May not? The only way I could see this being possible would be with direct intratumoral injection of high dose melatonin. I have no clue how 1 mM became a common concentration to test melatonin at. It's only 10,000 times higher than what is found in the plasma with normal doses taken orally.

      GPx1 stands for glutathione peroxidase 1, an antioxidant enzyme that reduces hydrogen peroxide to water. The last statement is saying the low concentration of melatonin increases activity of this antioxidant enzyme while the high concentration doesn't.

      Most important is that the reasonable concentration of 50 nM melatonin decreased proliferation in the two GBM cell lines (melatonin alone versus control; and melatonin + TMZ versus TMZ alone).

      See also:
      https://www.ncbi.nlm.nih.gov/pubmed/26510398
      Melatonergic system-based two-gene index is prognostic in human gliomas.

      where lower melatonin synthesis in gliomas (TCGA RNAseq data) correlated to poor survival and higher melatonin synthesis correlated to better survival.




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    2. Stephen, thank you very much for your reply!

      After 3 cycles of Lomustine (2 cycles with a low dose of temozolomide and 1 cycle of only lomustine), we are now planning to start 5 days only with temozolomide 200 mg / m2.

      To strengthen temozolomide (in addition to other additives) instead of melatonin I want to use agomelatin. It has a higher affinity for both M1 and M2, with a pKi of about 10 nM, than does the natural ligand and longer half-life - about two hours.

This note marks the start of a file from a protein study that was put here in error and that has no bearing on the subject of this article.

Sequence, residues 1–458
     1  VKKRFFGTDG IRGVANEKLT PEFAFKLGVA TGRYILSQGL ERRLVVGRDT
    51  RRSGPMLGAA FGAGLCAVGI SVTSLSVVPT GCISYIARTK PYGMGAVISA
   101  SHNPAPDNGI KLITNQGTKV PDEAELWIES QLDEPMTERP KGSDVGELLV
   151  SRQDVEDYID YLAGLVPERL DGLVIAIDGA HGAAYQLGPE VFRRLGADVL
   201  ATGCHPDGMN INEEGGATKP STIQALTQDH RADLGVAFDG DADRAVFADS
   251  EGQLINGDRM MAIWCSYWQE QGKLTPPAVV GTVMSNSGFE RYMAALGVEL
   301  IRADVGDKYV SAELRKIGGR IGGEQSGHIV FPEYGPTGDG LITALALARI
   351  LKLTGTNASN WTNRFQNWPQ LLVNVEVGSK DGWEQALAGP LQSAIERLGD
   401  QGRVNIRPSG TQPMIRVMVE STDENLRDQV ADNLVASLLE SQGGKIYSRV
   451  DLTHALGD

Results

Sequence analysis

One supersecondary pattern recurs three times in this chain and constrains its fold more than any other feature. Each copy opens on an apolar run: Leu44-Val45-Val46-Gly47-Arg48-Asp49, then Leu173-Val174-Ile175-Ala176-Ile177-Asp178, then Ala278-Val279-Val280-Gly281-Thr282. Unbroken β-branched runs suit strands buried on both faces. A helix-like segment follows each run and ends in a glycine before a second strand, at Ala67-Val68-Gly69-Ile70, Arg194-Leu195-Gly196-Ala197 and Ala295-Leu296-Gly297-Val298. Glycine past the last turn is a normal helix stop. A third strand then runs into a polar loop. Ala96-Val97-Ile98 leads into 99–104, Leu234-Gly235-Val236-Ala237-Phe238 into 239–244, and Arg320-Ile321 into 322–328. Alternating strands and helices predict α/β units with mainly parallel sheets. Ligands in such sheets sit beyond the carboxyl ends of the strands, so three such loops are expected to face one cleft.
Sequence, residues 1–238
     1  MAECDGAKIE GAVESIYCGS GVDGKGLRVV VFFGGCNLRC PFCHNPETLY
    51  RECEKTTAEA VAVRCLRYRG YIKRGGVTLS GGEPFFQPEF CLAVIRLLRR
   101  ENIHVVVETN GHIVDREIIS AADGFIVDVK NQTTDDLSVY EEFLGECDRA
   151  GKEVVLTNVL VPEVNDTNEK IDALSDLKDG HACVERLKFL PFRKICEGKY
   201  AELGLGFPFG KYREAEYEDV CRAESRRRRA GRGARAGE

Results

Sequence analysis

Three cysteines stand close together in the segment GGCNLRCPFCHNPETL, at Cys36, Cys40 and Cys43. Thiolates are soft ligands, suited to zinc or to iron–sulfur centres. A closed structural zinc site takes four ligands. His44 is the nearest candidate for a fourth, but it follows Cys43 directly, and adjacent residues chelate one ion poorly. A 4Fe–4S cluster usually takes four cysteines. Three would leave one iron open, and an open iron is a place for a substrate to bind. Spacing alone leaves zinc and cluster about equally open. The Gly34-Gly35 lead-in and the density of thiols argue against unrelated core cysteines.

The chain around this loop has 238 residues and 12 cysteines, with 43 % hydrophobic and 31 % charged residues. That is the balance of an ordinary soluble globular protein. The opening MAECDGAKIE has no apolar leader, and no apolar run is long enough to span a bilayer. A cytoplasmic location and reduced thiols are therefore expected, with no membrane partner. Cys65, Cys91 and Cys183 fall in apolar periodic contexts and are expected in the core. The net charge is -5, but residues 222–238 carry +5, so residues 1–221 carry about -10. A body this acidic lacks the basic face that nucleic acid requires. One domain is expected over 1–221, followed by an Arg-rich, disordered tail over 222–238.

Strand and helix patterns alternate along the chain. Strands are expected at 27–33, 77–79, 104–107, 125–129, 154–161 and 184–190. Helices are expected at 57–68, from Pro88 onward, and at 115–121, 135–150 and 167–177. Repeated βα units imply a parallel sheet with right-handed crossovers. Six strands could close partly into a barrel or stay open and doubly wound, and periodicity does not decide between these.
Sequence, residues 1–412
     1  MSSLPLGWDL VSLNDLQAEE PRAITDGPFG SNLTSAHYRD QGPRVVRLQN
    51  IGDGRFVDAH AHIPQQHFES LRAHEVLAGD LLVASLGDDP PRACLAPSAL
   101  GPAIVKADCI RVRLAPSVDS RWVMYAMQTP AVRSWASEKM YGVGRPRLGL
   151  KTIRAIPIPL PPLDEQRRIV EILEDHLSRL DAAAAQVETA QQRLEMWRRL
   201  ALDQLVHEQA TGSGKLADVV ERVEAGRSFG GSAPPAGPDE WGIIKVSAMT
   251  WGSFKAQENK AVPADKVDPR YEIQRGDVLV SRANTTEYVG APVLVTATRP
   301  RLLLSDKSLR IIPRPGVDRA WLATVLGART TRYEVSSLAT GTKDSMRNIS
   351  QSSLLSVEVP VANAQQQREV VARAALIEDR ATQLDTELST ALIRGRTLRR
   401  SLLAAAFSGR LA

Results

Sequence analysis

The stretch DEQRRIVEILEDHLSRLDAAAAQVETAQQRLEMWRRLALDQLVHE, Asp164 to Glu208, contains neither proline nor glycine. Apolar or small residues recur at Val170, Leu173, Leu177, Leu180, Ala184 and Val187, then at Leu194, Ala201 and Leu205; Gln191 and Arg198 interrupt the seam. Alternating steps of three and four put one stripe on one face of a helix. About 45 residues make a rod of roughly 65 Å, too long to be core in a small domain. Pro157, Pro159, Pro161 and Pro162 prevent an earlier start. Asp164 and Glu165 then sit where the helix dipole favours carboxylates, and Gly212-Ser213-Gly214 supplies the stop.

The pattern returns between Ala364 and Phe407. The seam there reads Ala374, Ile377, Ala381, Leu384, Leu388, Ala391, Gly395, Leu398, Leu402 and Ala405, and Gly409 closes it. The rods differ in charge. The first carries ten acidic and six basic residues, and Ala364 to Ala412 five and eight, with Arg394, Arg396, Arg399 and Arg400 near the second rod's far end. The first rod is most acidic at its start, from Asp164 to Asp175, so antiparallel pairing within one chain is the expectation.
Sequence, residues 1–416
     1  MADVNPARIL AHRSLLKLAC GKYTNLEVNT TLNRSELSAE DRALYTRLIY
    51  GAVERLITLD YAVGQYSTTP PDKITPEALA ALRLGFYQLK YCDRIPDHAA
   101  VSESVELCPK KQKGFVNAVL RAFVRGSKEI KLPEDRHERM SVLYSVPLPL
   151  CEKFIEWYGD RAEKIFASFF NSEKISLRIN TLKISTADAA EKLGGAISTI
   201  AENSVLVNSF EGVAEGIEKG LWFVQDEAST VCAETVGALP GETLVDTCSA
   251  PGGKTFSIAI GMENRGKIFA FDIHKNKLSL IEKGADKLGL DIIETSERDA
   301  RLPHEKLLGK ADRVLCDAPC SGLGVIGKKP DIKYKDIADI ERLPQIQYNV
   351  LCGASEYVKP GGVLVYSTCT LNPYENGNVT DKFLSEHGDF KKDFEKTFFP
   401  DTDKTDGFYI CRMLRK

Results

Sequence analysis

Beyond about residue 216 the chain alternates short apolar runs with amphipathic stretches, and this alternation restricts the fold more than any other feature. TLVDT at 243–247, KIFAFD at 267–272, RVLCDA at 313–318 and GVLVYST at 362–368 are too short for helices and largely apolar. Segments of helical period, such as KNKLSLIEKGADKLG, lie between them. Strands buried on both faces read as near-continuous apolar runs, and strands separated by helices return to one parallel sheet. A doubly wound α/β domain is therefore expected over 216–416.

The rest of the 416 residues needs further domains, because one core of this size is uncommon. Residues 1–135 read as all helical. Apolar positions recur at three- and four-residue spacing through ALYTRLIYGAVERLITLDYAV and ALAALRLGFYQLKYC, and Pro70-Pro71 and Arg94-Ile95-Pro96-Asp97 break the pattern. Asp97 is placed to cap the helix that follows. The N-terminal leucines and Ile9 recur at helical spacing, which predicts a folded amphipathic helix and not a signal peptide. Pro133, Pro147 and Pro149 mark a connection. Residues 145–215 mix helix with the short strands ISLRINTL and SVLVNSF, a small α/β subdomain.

However, every day my mother takes fluoxetine 40 mg. On the site drugs.com, I do not find the interactions between these two antidepressants, since agomelatine is not cheered by the FDA.

      Agomelatine is 90% metabolized in the liver with cytochrome P450 1A2 (CYP1A2) and 10% with CYP2C9 / 19.
      Fluoxetine is metabolized in the liver by cytochrome P450 isoenzymes, including CYP2D6. Fluoxetine is an inhibitor of CYP3A4.

      So, probably there are no interactions between fluoxetine and agomelatine? At least for 5 days?

      Cmax of Agomelatine in blood plasma is achieved after 1-2 hours.
      Cmax of Fluoxetine in blood plasma is reached after 6-8 hours.
      Cmax of Temozolomide in blood plasma is achieved after 0.5-1.5 h.

      So I think about taking Fluoxetine 40mg for 6 hours before taking Temozolomide and Agomelatine 50mg for 0.5 hours before taking Temozolomide.

      Your opinion?

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    3. Excellent article on the interaction of antidepressants: